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    Mainland China: Chinese with a difference.

BEYOND Sahar Airport, beyond Leela Kempinski, at the Sakinaka Junction on the busy Andheri-Kurla Road, stands Mainland China, arguably the suburb's most authentic Chinese restaurant.

Its cooks come from Calcutta's Tangra, which is the next best place to China itself, and its manager and assistant manager have been borrowed from the Taj Bengal.

If you live in that part of the town, in and around the Hiranandani Complex at Powai, you are fortunate; if you do not, the restaurant is worth the long trip to it.

The repertoire of the kitchen is amazing. There are several interesting and usual Chinese dishes, cooked in rice wine, with Chinese parsley, in conjee sauce. I repeat, it is conjee sauce, prepared from sweet beans and chilli paste, not conjee.

There is a row of shops in Hong Kong, making only conjee (I had it once with tripe, much to the disgust of the people accompanying me).

For some reason, Chinese restaurants in Mumbai do not serve conjee, possibly they consider it exclusively hospital food. I wish some local Chinese would make amends.

But to return to Mainland China, it is owned by two young Bengali executives, Anjon and Indroneil Chatterjee, who have made a success of Only Fish (also, Only Kababs). To let you into a secret, they are now planning Sweet Bengal, an outlet for Bengali sweets.

It is a comfortable restaurant: valet parking, which is necessary, well spaced out, around 90 covers, a subtle Chinese motif (lazy Susans, yes; Chinese lanterns, no), educated service by Phiroz Sadri and Jasanto Chatterjee.

The bar menu specifies: Scotch in India (Teacher's, Highland Queen, Spey Royal, Black & White). I call that being honest.

The food. The place is known mainly for its Cantonese and Hunan cooking, though a good deal of Szechwan is also cooked. Hunan, I understand, is a mix of Cantonese and Szechwan, since the provinces overlap.

Begin with the crackling spinach (Rs.65), it is in the Dim Sum list. The spinach is shredded, deep fried, with a touch of seasoning, sesame and chilli, tossed. It is crunchy and crackles in the mouth. I suspect they use a little cornflour to coat the spinach, but I may be wrong, very wrong.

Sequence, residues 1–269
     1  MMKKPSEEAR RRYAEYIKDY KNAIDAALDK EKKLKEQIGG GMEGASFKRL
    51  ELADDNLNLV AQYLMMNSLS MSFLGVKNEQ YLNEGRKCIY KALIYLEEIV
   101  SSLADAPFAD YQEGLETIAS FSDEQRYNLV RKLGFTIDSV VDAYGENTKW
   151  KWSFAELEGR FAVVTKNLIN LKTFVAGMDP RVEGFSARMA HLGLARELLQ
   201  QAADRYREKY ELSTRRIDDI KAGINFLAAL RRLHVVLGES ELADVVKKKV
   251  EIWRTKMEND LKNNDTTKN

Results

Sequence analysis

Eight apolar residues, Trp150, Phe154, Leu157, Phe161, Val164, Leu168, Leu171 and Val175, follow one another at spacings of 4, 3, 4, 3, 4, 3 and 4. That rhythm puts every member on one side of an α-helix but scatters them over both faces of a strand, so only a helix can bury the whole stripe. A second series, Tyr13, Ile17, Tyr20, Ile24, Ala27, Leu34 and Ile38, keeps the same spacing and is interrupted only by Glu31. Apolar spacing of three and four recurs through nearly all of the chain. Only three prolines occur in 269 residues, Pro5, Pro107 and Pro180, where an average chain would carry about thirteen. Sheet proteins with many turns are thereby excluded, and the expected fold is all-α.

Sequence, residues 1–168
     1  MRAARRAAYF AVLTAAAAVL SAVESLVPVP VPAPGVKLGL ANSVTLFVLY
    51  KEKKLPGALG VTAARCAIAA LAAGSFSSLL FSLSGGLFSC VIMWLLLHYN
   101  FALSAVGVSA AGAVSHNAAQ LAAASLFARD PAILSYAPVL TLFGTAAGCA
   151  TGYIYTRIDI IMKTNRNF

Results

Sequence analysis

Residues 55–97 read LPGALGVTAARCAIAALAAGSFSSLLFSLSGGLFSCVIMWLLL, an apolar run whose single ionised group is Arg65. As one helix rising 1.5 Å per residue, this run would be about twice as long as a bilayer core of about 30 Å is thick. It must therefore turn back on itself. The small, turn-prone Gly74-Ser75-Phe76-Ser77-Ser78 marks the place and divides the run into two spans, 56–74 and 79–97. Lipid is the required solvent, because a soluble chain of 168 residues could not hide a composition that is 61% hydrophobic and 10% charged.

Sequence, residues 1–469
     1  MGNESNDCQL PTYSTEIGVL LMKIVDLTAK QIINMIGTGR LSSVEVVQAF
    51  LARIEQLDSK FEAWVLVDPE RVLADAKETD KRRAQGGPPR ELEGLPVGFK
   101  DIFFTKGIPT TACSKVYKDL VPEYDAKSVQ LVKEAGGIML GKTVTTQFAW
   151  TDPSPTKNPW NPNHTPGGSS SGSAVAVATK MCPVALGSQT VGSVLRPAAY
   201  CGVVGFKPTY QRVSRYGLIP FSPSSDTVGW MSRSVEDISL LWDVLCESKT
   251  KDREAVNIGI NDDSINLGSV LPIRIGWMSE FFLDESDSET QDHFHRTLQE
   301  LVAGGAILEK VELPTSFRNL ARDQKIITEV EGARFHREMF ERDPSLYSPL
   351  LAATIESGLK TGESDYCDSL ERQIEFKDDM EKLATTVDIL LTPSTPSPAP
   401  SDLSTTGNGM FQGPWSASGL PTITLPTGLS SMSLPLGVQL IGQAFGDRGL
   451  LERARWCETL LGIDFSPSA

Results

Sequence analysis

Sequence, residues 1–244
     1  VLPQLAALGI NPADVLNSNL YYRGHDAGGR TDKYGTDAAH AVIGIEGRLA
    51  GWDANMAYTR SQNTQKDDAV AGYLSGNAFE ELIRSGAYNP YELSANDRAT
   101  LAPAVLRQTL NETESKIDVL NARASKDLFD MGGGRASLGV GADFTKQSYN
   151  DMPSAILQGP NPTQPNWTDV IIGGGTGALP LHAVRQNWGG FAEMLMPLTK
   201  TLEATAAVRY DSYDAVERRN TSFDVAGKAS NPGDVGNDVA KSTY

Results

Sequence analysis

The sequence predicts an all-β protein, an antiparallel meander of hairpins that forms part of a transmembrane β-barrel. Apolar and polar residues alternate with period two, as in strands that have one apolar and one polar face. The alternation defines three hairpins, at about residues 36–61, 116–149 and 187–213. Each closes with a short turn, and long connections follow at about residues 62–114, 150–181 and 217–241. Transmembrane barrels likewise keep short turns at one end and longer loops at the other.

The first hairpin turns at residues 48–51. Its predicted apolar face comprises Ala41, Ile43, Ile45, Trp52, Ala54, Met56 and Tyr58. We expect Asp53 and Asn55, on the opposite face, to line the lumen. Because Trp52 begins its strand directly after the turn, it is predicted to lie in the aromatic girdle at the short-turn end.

There is a bitter after-taste, but there is a whisper of sweetness also, probably sugar. It makes a lovely beginning to a memorable meal. Do try it, even if you have not liked spinach since you were a child.

The other Dim Sums include a very peppery siu mai (prawns, chicken or vegetables), steamed and fried wontons, but that's normal, and a Szechwan chilli babycorn, pungent, or crisp fried mushrooms with sesame seeds. I suggest you stick to the spinach and siu mai, and keep room for the starters of pak choyuk prawns.

Note: the pak choyuk is not Chinese cabbage. This is a Hunan dish, to be eaten with a Hunan dip. The prawns are medium, sized, though the size depends on availability in the market. they are deshelled and non-marinated, except for a little salt and pepper. The object is to retain the natural flavour of the prawns.

They are steamed and eaten with the dip. The Hunan dip is made with chopped bamboo shoots, spring onions, ginger, soya and oil. However, if you do not care for this, ask for a Cantonese dip. Either way it is priced at Rs.155.

More unusual is chicken rice pearls (Rs.85). I do not think I have eaten it in any other restaurant in town. The chicken is minced, along with black mushrooms, Chinese greens, made into rounds, and rolled in rice. Not rice flour, actual rice, the rice grains, raw. Put in a steamer and cooked. The chicken mince naturally gets cooked, so does the rice, the grains puffing up. It is served dry, but with a sweet and spicy vinegar dip.

Among the entrees, I suggest, if you have people to share with you, have the full pomfret, done Shanghai style. It is tossed in cornflour, with a little seasoning, and braised. As expected, the outside is crusty, inside succulent. You have a choice of sauces, try the chilli-oyster. The full pomfret is for Rs.190.

Or you may try a lobster or prawn Hubei style. The lobster is de-shelled, the meat marinated and seasoned in egg white. It is first fried, next cooked in a delicate sauce flavoured with black beans and pickled onions. There are also steamed lobsters, crabs, and a fish done in a hot bean sauce, or a chilli vinegar sauce.

Not on the menu but available is a sliced pomfret in Chinese parsley. The parsley is ground to a fine paste with vinegar and sugar. Or, if you don't care for the sugar-vinegar, have it done in a tausi sauce.

The restaurant also has its own sauce, invented and prepared on the premises and called mahlak sauce for no particular reason. The ingredients are hot oil, dry red chilies, and Szechwan pepper corn.

And I will give you a final chicken dish. it is shredded chicken cooked in a celery and Chinese rice wine. It has the aroma of celery and the tanginess of fermented rice wine.

I am not mentioning the vegetables, but I am sure they are good.

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